b.). Jack O'Sullivan THE "reckless or wanton violence" of the South African police force during the past few month's civil disturbances has been condemned in a strongly worded report by the country's Catholic bishops, who have collected affidavits from dozens of witnesses.
The 37-page report of the Southern African Ctholic Bishops' Conference, published last week, compared recent police conduct in the townships with "that of an occupying foreign army controlling enemy territory by force without regard for the civilian population and, it appears, without regard for the law".
"A kind, of state of war is developing between the police and the people", said Archbishop Denis Hurley of Durban at the Pretoria conference to launch the report. Archbishop Hurley, who goes on trial in February accused of making unsubstantiated
allegations of police atrocities against civilians in Namibia added: "They (the police) soon to be in a mood which inspires them to say: 'The people are our enemy, and we are out to impose our will upon them by any means that we find effective'."
The report accuses the security forces of indiscriminate use of firearms, including rubber bullets, birdshot and conventional bullets.
In response to the controversial report, the South African police claimed that it contained "untruths as regards detail, chronology and events".
In the latest development in South Africa, the "Durban three", leaders of South Africa's opposition movements, the United Democratic Front and the Natal Indian Congress, decided to leave the British consulate in Durban on Wednesday. The men took refuge there three months ago under threat of being detained by the South African police. The government announced the withdrawal of the detention orders on Monday, but the fugitives have no guarantee that they will not. like some of their colleagues, be charged with treason.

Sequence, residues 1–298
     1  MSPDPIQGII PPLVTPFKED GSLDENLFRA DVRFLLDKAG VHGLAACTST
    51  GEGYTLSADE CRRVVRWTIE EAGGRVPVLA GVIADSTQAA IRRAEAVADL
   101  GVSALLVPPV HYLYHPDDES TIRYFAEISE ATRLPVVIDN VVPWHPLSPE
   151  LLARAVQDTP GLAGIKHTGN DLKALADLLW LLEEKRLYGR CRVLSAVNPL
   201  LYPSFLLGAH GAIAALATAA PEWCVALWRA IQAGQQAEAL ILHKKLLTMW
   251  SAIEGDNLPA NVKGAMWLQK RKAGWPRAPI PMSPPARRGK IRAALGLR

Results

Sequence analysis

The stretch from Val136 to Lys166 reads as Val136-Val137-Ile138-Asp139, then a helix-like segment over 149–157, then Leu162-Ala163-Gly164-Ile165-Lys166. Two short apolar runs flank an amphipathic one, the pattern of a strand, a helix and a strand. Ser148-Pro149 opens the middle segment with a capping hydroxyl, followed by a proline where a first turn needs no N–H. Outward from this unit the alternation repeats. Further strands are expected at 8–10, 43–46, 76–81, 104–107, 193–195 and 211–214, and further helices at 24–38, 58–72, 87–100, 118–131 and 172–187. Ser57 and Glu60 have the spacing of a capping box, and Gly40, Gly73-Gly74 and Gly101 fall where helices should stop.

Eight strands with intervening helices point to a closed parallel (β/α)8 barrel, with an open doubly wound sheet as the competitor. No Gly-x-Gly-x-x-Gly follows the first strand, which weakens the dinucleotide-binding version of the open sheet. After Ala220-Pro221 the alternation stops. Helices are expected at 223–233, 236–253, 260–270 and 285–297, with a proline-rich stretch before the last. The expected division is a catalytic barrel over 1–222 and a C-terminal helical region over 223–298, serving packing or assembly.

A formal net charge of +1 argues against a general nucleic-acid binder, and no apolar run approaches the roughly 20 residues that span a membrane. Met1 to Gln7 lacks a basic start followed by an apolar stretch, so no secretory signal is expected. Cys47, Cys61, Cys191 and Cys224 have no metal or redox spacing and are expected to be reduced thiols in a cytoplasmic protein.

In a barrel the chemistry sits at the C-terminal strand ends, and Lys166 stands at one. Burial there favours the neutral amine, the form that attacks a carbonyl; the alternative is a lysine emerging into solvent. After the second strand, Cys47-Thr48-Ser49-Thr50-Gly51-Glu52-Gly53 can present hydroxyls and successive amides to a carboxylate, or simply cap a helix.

The events in South Africa have added fuel to a wave of anti-apartheid feeling in the USA. Bishop Emerson Moor, auxiliary of New York has made history by becoming the first Catholic bishop in America to be arrested for civil disobedience. He was arrested last week, while blocking an entry to South Africa's New York consulate. The bishop said that he hoped "to prick the consciences of the people of the country and the government" by his action. He will appear in court on Wednesday.
The growing anti-apartheid mood in the USA forced President Reagan last weekend to meet Bishop Desmond Tutu, recently named Anglican Bishop of Johannesburg.